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Reasonably priced good quality 6 or 8 channel USB DAC?

I use JRiver for this, it works very well. It installs a Windows sound driver, you route the sound to that, and then you use the DSP facility in JRiver. It has crossovers built in already, although I use FIR ones from rePhase.

I'm currently using an Asus u7 sound card, and use 6 of the 8 available channels. I also have an M-Audio 10 channel interface, and am working out whether it's worth bothering to use the Lynx AES16 and getting five stereo DACs for the horn system.

I've used other systems to host the DSP, such as Reaper (I think that foobar might be able to do it, not tried), but JRiver is dead easy to set up, fiddle with and it's very stable.
Cool. Yes I plan on doing something similar (though not with Jriver, there are very lightweight DAWs around as well meant only for hosting VST's etc) but it depends on what I'll choose in the end for crossover work.

As for getting 5 stereo DACs, this is technically not the ideal solution I believe as those 5 stereo DACs will all be running from their own clock (unless they can sync perfectly to a master clock comming from the Lynx, some studio DACs are able to do this but almost no consumer DACs I've seen). Better to get a multichannel DAC like the MOTU UltraLite mk4 discussed here I think.
edit: I mean, if one of those DACs is off sync by just one sample at 44.1kHz, and this is between for instance the DAC for the mid-driver and the DAC for the tweeter, then the resulting phase shift between those drivers is audible already at certain off-axis locations (around the -3dB point off-axis for LR for instance where it is very sensitive, or at the flat on-axis for a Butterworth crossover).
 
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As a side note: the Anaview amps are very picky with the source: you need a balanced source with low impedance.
That also mean you will not be able to use passive attenuators in fornt of the amp.
26dB of gain is a lot, especially with a unit that outputs 20+dBu like the Motu.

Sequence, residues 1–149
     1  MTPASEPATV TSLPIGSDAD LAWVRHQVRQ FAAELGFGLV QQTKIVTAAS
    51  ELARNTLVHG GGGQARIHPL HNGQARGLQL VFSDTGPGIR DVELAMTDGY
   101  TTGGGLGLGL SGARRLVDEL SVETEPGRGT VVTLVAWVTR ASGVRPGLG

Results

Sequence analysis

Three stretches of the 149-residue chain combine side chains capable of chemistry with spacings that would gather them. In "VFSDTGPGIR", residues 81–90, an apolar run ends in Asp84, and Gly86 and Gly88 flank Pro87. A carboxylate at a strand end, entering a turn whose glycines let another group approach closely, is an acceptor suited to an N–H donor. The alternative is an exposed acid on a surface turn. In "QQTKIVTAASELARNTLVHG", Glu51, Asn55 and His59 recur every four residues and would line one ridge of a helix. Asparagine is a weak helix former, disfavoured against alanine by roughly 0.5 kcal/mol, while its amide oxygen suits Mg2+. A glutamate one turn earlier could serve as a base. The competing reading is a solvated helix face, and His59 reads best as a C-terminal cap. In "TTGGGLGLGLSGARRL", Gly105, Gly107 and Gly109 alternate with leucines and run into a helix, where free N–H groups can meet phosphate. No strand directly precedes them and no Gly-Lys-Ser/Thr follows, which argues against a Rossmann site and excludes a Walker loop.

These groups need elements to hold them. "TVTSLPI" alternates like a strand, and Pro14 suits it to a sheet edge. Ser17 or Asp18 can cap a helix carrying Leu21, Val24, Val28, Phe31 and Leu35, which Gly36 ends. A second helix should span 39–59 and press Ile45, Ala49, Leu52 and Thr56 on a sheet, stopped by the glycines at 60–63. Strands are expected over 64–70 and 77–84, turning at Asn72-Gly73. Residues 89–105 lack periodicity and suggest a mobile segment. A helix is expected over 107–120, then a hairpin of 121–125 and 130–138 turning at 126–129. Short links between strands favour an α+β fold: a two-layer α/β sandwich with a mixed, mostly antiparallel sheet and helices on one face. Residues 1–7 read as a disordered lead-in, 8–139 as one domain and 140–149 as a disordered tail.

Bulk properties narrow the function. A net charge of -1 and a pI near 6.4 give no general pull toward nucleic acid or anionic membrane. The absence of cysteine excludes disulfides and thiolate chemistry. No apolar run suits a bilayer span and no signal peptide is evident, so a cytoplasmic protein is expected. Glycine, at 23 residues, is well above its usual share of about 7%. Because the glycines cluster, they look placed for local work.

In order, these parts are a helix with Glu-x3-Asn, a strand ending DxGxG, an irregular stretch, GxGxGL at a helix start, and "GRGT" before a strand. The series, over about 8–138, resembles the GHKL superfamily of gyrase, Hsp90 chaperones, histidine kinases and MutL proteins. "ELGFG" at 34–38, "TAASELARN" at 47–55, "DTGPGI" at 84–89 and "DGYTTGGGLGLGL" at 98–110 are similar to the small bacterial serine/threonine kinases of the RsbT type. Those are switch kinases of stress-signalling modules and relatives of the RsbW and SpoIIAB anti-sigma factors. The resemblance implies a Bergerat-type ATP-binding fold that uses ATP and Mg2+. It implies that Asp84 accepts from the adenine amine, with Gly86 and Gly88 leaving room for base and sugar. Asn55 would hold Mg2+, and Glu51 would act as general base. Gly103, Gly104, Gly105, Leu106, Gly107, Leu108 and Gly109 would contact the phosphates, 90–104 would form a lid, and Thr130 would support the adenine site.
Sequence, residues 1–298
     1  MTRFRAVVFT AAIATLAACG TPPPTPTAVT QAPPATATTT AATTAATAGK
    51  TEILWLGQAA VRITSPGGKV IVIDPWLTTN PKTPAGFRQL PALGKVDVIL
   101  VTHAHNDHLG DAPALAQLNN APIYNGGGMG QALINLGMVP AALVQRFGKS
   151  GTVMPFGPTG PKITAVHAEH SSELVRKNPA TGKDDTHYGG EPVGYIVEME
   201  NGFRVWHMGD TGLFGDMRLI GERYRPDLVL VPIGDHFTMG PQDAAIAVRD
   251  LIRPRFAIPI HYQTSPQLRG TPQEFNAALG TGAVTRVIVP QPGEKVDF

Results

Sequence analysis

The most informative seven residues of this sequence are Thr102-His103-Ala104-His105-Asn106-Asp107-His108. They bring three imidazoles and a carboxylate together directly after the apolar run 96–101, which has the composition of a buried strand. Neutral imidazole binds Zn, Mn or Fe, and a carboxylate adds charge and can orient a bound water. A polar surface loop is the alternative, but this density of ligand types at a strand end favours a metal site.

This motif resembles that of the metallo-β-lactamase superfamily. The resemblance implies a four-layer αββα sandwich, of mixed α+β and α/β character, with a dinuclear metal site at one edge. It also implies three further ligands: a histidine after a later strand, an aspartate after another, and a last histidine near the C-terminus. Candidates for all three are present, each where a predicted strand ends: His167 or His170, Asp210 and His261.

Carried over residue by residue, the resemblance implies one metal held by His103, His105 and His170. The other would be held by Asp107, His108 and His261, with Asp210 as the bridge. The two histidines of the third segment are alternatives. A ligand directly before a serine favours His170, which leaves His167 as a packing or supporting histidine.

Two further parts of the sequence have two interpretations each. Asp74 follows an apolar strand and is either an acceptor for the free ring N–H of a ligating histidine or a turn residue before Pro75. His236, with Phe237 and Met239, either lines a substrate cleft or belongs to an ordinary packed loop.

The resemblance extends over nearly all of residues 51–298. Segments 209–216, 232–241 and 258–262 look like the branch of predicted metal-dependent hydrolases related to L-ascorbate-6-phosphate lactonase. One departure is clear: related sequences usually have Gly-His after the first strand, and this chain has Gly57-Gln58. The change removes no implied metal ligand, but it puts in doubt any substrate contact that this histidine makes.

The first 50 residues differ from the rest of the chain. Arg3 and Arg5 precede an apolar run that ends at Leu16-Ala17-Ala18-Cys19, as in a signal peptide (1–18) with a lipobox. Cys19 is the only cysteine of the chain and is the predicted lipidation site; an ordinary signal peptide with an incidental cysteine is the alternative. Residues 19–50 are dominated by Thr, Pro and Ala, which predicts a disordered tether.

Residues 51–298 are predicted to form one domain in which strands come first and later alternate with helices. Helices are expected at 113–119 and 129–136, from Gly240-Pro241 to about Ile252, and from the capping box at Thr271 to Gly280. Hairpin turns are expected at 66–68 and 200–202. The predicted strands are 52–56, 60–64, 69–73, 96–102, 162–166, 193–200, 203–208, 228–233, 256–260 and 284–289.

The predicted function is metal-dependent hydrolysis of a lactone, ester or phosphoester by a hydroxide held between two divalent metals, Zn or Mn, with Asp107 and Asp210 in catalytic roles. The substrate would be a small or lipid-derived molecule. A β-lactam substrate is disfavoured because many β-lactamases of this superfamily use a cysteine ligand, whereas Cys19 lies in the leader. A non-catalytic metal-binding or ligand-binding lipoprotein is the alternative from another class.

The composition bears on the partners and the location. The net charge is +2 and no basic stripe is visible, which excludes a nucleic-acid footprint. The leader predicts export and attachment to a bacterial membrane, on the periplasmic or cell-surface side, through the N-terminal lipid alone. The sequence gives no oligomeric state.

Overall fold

As a side note: the Anaview amps are very picky with the source: you need a balanced source with low impedance.
That also mean you will not be able to use passive attenuators in fornt of the amp.
26dB of gain is a lot, especially with a unit that outputs 20+dBu like the Motu.
Ahaa. Very good info, thanks!
This is something I was wondering already. The effect of passive attenuators on impedance (I had not looked into this yet).
Ok.. I was indeed thinking of setting it up with the MOTU and it's trimmers and then see in practice how much passive attenuation I need and then in the end place those.. but so my little plan has a problem.. Hmm.

I do like the Anaview AMS amps otherwise. I have an AMS0100 right now (2x50W @4ohm) and I've loved it from the very first moment right up untill now several years later. Not much equipment does that for me. I am aware of the gain and input impedance and preference for balanced signals (it is possible however to hook it up unbalanced and add a resistor to the open cable to match the resistance of the unbalanced cable and still get the same result as balanced I read).
But the AMS0100 sounds just fantastic and it actually measures a little bit better around the 1W output and lower (where most of the music is when in actual use) than the smaller NCore amps from Hypex (though the NC400 and NC500 still beat the AMS0100 and AMS1000). So I was giving it preference over the Hypex NC252MP and NC122MP etc (which are used in the Fusion plate amps).

So time to rethink things.. No passive attenuators :( And I'm really really not looking forward to making active attenuators..
 
As a side note: the Anaview amps are very picky with the source: you need a balanced source with low impedance.
That also mean you will not be able to use passive attenuators in fornt of the amp.
26dB of gain is a lot, especially with a unit that outputs 20+dBu like the Motu.
My hypex amps have 26dB gain and work fine with my 8A and ultralite. No additional attenuation required and software volume control.

Just, what's the sensitivity of your drivers and the input impedance of the anaview?
 
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Btw, since I am very lucky to be amongst knowledgeable people here.. :)
How does one actually calculate the Volt RMS input level needed at an amp to reach for instance 1W at 4ohm output of the amp?
Is it as simple as calculating the voltage level input at the amp (lets say 1Vrms) times the amp gain (20.6 for AMS0100 and 27.5 for AMS1000) to get the output voltage? Which then can be converted to Watt at a specific impedance/ohm of the driver at that freq?
So 1Vrms input * 20.6 = 20.6 Vrms at the amps output?
And then I know only that 2.83 V (don't know if this is V peak or rms actually) is 1Watt at 4ohm and 2W at 8ohm. I assumed it is Vrms but maybe I'm making an error here please correct me if I do. So I'm assuming that 20.6Vrms = (20.6 / 2.83) Watt = 7.28 Watt @4ohm? Hmm.. I don't trust my calculation one bit! haha.